Five High-Yielders Going Ex-Dividend in January

Karin is a member of The Motley Fool Blog Network -- entries represent the personal opinion of the blogger and are not formally edited.

I’ve been analyzing and writing about dividend companies for over six months. Recently I developed a complete ratings system, through which I assign scores to a company based on seven separate criteria, which I have chosen to represent the metrics that I believe indicate superior dividend-paying potential, as well as possible gains in share-price.

I have begun introducing my own Dividend Portfolio, based on this ratings system. So far I have selected four companies.  I continue to examine dozens of companies every week.

The companies on this list are not the ones that are going to form the foundation of my dividend portfolio. They have not been paying and raising dividends for 10 years or more, which is the minimum that I am permitting for the 10 base stocks in my model portfolio. However, these are stocks that are paying great dividends, and which may merit a spot as part of the higher-risk, higher-reward section of my portfolio once I have the base in place.

I examined over 100 stocks that are going ex-dividend in January, and found five stocks that are yielding more than 3% and that have increased by more than 13.4% (the current 52-week return of the SPY ETF) in the past twelve months.

I examined each company’s yield, total 52-week return, where it is trading relative to its 52-week high and low, and its recent dividend-paying history, in order to project its ability to continue.

I present these five companies, in order of yield, from highest to lowest:

American Realty Capital Trust (NASDAQ: ARCT) is a real estate investment trust (REIT) which is involved primarily in acquiring and leasing single-tenant commercial properties in the United States and Puerto Rico.

ARCT is currently trading at $11.50 per share and yields 6.2%. It is trading at 9% less than its 52-week high of $12.74 (I include this information because some investors prefer to buy a stock on a pull-back from its high). The share price is up 15.6% since it began trading in March, 2012.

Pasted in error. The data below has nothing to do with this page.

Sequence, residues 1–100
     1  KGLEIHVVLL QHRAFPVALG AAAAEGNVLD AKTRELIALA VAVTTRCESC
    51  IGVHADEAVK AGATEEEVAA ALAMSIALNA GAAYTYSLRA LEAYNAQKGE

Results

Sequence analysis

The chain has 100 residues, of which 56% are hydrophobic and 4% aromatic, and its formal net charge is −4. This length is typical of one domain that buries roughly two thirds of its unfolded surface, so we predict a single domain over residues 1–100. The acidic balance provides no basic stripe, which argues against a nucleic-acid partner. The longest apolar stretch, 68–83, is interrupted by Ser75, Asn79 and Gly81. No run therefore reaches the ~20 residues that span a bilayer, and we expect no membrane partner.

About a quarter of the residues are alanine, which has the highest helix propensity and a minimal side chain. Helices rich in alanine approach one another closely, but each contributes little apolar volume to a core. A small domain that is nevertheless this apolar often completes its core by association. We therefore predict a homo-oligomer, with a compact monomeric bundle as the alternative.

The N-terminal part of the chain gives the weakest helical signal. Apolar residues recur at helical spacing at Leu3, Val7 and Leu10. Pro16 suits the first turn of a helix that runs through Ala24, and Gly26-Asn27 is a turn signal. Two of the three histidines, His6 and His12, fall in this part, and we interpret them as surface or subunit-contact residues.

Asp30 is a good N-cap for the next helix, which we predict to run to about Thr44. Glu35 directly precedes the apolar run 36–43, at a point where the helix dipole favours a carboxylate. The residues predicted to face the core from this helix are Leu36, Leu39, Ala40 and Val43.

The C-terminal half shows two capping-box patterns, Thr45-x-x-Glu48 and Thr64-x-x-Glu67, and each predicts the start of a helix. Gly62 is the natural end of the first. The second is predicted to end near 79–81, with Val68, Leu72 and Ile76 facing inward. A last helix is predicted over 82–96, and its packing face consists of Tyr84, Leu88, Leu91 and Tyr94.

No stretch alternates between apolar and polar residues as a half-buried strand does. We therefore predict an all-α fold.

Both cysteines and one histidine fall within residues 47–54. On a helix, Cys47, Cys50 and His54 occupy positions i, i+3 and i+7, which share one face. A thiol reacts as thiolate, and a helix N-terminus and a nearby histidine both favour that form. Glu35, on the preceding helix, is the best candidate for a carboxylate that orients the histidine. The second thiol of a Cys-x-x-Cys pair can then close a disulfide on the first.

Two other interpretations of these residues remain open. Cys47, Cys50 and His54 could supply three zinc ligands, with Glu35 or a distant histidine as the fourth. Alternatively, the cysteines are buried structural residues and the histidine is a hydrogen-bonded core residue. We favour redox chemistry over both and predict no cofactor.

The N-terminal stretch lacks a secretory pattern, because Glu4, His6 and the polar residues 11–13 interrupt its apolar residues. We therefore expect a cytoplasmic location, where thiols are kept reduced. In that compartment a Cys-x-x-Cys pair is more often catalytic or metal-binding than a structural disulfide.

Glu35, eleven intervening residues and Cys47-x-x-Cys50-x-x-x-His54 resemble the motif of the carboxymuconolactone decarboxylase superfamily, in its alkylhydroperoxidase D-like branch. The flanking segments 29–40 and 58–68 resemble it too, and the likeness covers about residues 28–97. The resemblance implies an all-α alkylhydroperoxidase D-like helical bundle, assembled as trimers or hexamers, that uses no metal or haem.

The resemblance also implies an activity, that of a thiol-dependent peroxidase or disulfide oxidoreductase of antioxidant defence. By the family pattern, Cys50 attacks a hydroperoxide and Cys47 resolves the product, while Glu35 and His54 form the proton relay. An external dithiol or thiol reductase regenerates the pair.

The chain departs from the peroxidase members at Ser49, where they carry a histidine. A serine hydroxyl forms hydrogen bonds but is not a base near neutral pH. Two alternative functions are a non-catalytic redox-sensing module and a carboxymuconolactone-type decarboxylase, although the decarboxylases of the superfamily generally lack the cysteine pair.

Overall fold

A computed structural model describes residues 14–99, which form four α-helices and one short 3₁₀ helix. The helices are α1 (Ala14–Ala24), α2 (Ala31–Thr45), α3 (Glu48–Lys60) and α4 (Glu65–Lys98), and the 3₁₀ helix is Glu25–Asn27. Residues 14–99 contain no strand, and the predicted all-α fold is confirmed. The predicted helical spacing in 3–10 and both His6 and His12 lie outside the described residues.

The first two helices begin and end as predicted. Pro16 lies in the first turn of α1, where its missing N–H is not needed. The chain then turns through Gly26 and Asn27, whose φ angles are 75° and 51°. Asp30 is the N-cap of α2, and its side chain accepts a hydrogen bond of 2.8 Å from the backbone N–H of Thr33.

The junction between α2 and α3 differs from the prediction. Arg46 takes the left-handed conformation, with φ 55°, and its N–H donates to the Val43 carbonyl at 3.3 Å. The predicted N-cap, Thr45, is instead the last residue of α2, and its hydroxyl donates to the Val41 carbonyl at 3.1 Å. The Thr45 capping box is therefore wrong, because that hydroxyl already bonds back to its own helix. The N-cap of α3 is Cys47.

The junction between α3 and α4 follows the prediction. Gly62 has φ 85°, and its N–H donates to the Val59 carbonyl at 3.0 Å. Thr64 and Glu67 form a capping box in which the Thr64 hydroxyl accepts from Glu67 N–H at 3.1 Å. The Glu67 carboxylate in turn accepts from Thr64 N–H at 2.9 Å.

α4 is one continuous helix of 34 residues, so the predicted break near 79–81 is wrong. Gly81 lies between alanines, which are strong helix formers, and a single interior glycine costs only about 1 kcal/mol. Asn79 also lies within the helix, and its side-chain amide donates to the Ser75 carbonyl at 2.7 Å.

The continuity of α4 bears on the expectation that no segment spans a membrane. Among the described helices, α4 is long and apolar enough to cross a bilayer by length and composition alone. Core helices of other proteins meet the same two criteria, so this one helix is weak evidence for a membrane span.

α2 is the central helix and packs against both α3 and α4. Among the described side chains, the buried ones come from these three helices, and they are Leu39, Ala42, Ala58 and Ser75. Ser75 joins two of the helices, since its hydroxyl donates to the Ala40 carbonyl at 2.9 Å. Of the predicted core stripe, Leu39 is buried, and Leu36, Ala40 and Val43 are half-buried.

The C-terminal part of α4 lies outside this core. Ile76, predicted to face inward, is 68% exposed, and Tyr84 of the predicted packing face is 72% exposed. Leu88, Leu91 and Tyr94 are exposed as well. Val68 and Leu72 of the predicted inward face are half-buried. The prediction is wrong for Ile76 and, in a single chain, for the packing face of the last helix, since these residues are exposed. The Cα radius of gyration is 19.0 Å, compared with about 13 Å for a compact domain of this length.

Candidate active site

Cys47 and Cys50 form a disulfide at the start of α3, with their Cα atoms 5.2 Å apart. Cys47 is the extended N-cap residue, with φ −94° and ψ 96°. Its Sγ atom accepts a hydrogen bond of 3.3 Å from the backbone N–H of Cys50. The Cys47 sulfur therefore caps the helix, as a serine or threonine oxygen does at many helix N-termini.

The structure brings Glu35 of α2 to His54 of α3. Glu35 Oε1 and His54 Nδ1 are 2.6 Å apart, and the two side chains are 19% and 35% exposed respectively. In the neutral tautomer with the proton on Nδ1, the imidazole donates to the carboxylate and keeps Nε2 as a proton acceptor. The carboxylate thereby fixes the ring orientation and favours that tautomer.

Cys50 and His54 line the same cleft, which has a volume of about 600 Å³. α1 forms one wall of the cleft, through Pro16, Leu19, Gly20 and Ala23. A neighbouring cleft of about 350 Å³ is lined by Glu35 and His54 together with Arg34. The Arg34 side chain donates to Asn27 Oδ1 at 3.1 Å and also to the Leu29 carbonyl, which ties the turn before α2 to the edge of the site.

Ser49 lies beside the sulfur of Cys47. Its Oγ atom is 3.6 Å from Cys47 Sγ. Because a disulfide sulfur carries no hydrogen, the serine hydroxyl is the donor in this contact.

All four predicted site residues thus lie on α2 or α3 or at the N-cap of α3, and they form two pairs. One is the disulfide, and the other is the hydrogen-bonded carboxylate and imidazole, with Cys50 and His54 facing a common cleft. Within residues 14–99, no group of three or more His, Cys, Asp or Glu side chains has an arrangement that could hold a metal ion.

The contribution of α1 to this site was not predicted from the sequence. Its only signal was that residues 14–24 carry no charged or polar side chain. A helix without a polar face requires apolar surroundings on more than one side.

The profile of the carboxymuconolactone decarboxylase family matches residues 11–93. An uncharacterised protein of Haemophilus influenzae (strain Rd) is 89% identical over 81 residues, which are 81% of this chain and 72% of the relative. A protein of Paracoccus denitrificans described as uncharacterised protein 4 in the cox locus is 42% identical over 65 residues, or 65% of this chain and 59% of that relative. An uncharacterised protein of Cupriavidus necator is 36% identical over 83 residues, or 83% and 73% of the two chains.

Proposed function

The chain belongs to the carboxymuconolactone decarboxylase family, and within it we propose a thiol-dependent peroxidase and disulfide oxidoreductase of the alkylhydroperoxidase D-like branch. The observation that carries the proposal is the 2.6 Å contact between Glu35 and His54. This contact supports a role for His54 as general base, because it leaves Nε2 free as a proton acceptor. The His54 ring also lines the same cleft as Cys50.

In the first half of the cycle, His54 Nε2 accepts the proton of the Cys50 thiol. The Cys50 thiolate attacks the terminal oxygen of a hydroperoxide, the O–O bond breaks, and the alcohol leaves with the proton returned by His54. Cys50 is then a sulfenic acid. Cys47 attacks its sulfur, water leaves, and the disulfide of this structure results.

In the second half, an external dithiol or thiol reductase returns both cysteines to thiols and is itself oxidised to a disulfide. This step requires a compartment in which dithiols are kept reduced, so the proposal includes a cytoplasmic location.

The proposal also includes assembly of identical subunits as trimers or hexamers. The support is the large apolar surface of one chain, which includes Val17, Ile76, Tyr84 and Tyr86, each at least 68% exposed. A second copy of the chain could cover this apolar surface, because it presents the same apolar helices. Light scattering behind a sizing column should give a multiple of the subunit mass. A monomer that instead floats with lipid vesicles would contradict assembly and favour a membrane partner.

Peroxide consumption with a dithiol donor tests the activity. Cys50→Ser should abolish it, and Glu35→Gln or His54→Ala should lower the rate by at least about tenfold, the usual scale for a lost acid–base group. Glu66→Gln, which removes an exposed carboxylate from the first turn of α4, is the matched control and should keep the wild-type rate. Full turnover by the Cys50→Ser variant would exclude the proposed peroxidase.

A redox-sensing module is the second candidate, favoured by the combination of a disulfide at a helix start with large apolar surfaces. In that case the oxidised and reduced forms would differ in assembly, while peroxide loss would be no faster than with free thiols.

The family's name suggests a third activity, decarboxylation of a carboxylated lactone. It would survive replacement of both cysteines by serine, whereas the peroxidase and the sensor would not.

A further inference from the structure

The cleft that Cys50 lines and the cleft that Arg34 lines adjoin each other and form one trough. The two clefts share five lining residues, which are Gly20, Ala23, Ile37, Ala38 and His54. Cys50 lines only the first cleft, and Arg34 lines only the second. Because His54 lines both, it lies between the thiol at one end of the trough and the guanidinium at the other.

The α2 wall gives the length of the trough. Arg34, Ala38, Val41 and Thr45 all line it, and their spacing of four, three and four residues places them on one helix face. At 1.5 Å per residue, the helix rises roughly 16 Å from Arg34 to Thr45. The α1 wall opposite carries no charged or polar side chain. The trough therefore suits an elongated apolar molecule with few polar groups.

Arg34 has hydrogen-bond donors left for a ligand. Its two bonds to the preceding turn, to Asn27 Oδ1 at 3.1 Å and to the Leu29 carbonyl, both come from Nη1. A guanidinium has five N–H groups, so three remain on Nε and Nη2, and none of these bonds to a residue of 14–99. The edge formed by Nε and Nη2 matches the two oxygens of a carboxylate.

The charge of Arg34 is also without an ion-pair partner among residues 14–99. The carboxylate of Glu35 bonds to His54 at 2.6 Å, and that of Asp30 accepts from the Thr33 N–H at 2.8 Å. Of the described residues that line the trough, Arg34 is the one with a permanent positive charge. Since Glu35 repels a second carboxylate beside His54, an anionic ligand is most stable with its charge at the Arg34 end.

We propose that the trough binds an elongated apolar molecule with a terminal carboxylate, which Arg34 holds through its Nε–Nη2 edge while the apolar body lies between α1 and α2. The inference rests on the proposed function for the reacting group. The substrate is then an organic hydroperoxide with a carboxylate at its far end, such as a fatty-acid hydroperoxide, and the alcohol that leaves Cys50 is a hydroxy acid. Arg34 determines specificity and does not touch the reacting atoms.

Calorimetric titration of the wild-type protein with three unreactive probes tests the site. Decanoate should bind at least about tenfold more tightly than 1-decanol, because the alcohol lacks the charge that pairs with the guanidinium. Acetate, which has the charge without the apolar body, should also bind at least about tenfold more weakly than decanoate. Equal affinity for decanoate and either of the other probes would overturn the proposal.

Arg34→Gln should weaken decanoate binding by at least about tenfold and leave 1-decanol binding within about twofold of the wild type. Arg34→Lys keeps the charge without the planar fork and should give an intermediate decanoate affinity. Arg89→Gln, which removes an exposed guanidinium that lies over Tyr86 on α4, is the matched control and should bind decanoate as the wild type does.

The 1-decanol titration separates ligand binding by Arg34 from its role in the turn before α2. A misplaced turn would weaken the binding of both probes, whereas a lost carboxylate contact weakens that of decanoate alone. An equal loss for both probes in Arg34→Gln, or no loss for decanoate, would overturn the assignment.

American Realty pays dividends monthly, and as a REIT it is legally obligated to pay out 90% of its income yearly. The current FY analyst earnings estimate is $0.79 per share. In 2012 the company raised its dividends twice and paid out a total of $0.485 per share. The forward-looking annual dividend is $0.71 cents, or 90% of the earnings estimate.

American Realty goes ex-dividend on Jan. 4 and will pay a dividend of $0.059 per share on Jan. 15.

Realty Income Corp. (NYSE: O) is also a REIT, specializing in commercial retail operations. The company leases its properties primarily to national and regional chain store operators. This company is already a very popular one with dividend investors because of its generous yield and its long history of paying and raising dividends.

O is currently trading at $40 per share and yields 4.5%. It is trading at 9% less than its 52-week high of $44.22. The share price has appreciated by 14.5% over the past twelve months. Realty Income has been paying and raising distributions consistently for 18 years. It pays monthly, and it raised its distribution four times in 2012 for a total increase of 4.3%.

The company has not yet announced its ex-dividend date or distribution for January, but it will be around Jan. 31, with an expected payment date of Feb. 15.